Most people can identify Lazy Eye when they see it in someone, but how many know anything about the condition? Lazy Eye, another name for the eye condition amblyopia, occurs mainly in children. It essentially results when one eye has more superior vision than the other eye.
When you see lazy eye in an adult, it is probably the consequence of childhood amblyopia that was untreated.
If not treated, vision will not continue to develop correctly in the lazy eye, the brain will start to disregard input from the eye with the poorer vision, with the outcome that the eye become even worse. Ultimately the bad eye may lose its vision completely.
Origins Of Lazy Eye
There is no way of avoiding a child getting Lazy Eye; this is a condition children are born with usually. Although it is perfectly normal for eyes to have slight differences in vision and focus, people with Lazy Eye have a more radical dissimilarity between their two eyes. Left uncorrected, the characteristic turning of the eye occurs due to the incorrect eye alignment.
Amblyopia may also occur because of strabismus. Strabismus is defined as ocular misalignment, a condition where it is hard to focus on one object with both eyes. Less commonly, there are cases where the child cannot see well from one eye due to a blockage from a cataract or blood or other foreign material in the eye.
Lazy Eye Diagnosis
Immediately upon the symptoms of Lazy Eye developing, you need to take your child to see your pediatrician. The pediatrician will check to see if your childs eyes let in light all the way through, are equally strong in vision, and if they look and function in a normal fashion. If a problem is seen the pediatrician will then refer your child to an eye specialist who will perform routine eye exams to determine a diagnosis.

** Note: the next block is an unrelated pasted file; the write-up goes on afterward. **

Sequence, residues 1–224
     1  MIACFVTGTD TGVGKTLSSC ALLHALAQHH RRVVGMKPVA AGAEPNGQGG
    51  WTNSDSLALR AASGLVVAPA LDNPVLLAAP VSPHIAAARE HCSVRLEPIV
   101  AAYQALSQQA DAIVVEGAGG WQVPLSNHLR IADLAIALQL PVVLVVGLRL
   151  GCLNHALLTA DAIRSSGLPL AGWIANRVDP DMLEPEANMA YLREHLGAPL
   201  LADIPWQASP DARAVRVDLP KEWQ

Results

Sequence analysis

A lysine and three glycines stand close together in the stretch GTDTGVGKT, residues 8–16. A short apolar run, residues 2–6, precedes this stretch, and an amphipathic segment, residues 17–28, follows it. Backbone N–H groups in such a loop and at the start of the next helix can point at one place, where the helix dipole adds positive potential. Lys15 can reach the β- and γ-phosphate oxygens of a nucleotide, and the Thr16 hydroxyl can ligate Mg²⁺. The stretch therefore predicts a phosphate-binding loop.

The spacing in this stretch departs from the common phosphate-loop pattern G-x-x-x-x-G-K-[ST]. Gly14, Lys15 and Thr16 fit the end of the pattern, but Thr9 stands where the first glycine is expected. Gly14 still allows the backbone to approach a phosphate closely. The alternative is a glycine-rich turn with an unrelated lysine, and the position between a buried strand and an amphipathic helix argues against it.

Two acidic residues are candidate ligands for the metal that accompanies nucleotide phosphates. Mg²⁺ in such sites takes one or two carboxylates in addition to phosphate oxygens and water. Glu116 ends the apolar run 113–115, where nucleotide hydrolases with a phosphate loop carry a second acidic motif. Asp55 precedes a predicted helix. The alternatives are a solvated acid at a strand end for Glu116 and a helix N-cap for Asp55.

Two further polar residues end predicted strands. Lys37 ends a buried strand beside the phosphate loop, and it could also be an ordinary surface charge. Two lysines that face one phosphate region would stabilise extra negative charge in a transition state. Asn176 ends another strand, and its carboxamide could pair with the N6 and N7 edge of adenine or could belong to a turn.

Lazy Eye Treatment
Eye care specialists agree that the best treatment for amblyopia is wearing a patch. Patching the good eye forces the brain to stop ignoring the bad eye. Getting a child to go along with wearing the eye patch can be problematic, and their vision will be poor initially since they will be using only their weaker eye to see. It is a prolonged process that can take years, but at the end of the day, it is very successful in correcting the problem.
The process is effective because as the patch is worn and the poor eye is used more and more, the vision in that eye will naturally improve. The eye may get back to normal and be equal with the other eye. When this happens, your eye specialist will give the all clear for your child to no longer wear the patch.
When amblyopia is less serious, the eye specialist may opt not to use a patch but recommend atropine eye drops instead. Atropine is used in the good eye, and makes it more difficult for the good eye to focus, pushing the eye with weak vision to work harder to compensate. If a blockage is found to be at the roof of the problem, often the blockage will be removed as the treatment.